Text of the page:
The Importance of Wetland Restoration
Wetland restoration is also an important focus in preserving the Delta. Wetlands are incredibly important for many species of animals and provide an important source of food, oxygen and fresh water. Restoring a wetland involves reintroducing water and disposing waste or runoff properly. Institutions such as The National Oceanic and Atmospheric Administration have identified and prioritized the most essential areas in need of timely restoration.
In addition, the public needs to be educated and shown ways they can personally contribute to help preserve the Delta. This includes not only creating an understanding of the importance of the Delta, but also inciting personal involvement in the preservation of the Delta through action.
The Importance of Awareness and Education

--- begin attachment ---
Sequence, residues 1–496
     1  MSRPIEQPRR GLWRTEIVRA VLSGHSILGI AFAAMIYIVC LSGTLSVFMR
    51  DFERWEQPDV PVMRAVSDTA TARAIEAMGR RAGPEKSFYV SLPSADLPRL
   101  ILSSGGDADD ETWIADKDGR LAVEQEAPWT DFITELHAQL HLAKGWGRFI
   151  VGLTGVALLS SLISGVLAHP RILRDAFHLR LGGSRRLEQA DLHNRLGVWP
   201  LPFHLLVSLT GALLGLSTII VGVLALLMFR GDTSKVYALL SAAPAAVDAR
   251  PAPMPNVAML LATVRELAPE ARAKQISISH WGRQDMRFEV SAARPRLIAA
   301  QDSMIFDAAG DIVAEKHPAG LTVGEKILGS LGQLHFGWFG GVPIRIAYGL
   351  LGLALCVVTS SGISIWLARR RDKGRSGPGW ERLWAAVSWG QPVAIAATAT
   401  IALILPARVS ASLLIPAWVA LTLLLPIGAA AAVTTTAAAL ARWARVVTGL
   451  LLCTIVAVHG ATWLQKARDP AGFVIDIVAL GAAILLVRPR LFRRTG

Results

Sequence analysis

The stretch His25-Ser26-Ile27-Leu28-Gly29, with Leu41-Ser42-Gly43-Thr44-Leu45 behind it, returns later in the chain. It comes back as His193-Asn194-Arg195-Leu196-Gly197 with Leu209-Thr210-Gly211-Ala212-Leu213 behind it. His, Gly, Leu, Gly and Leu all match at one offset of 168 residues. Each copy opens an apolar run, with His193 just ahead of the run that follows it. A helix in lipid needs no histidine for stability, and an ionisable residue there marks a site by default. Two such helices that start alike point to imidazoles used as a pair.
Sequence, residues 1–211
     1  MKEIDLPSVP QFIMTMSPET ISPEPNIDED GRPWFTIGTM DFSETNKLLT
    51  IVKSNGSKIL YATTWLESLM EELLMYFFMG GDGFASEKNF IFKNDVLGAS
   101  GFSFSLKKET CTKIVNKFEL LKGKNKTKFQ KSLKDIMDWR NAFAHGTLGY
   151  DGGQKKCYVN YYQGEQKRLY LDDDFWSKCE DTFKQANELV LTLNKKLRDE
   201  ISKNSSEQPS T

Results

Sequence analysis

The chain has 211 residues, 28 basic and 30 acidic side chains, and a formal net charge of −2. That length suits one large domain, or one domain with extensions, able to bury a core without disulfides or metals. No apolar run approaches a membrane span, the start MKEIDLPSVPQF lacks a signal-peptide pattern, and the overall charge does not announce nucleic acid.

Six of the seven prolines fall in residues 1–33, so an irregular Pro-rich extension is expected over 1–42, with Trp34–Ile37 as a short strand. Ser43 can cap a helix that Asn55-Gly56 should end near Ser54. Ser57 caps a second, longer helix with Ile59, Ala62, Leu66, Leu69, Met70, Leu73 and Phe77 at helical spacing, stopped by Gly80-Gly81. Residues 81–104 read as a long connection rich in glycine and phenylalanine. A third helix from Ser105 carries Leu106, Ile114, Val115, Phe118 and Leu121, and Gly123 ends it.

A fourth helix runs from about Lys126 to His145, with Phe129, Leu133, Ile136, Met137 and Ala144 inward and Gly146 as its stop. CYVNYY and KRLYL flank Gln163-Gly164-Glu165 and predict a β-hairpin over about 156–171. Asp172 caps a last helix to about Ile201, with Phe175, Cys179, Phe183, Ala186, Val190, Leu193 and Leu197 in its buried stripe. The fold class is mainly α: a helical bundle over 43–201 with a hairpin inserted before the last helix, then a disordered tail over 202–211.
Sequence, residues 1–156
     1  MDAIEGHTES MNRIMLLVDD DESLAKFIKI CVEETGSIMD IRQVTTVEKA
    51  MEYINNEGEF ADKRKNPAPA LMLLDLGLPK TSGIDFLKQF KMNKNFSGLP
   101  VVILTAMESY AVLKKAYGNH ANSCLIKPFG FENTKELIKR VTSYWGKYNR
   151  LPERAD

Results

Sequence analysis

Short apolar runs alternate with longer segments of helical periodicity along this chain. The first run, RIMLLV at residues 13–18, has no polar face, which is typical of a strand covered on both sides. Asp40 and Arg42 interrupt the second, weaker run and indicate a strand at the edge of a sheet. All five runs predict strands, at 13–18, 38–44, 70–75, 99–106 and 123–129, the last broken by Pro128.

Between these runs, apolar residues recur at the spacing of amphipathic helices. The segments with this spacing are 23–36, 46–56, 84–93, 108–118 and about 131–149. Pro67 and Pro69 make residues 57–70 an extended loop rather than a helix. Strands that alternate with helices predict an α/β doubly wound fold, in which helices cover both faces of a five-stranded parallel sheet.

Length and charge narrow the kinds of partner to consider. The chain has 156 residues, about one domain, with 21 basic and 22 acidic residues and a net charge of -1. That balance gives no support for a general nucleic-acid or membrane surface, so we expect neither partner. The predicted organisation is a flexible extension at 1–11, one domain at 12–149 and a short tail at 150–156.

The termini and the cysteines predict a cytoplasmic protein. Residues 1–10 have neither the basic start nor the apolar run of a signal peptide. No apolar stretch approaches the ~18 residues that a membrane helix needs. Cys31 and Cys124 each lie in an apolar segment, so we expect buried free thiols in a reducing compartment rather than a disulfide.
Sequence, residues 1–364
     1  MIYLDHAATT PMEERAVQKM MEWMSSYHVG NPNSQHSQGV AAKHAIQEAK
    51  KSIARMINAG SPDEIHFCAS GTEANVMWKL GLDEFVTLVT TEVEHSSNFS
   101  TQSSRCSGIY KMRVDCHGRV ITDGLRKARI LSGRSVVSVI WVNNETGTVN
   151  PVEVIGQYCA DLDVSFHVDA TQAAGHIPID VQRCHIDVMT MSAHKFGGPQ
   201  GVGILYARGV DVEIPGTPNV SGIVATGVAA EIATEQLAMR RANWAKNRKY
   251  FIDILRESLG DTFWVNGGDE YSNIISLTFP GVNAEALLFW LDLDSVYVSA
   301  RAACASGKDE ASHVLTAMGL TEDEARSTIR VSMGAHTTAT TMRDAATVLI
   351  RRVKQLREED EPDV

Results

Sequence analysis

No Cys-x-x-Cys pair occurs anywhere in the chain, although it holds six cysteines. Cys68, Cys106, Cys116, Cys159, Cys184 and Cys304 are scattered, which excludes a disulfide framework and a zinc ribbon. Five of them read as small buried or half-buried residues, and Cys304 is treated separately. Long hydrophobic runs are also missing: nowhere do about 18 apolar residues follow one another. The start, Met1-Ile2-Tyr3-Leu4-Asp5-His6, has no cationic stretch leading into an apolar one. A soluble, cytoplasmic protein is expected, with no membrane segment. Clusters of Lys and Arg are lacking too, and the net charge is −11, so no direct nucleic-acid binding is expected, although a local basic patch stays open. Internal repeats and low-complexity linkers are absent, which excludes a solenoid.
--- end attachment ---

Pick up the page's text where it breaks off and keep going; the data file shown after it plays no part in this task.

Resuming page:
To protect the Delta, it is important to increase public awareness and expand educational programs aimed at inspiring people to learn about the Delta and its importance. These educational materials should be aimed specifically towards youths and those living the most affected areas.
Working with local leaders is also important, as local residents understand the Delta better than anyone. These individuals also know what actions are necessary for preserving the Delta in the best possible fashion for both humans and wildlife.
In addition to these more tangible solutions, more should also be done to encourage people to discover the beauty of the Delta and all it has to offer. It is hoped that this would create a value for the Delta. It can be argued that, if people are aware of the Delta’s existence, then they would be more likely to care and help protect it.
The Delta of the Mississippi River is a unique, complex and vital ecosystem. It’s a spectacular land form that provides both economically and ecologically, while providing incredible recreational and ecological opportunities. The health of this Delta is closely tied to humans’ management of it: using it responsibly, protecting it, and valuing its beauty.